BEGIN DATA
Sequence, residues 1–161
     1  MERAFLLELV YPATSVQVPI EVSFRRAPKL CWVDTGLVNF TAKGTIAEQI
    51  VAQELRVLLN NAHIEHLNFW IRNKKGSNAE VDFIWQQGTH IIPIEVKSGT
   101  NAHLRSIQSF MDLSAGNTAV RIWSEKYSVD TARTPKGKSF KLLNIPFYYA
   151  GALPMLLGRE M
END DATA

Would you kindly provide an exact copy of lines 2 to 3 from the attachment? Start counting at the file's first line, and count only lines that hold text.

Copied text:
     1  MERAFLLELV YPATSVQVPI EVSFRRAPKL CWVDTGLVNF TAKGTIAEQI
    51  VAQELRVLLN NAHIEHLNFW IRNKKGSNAE VDFIWQQGTH IIPIEVKSGT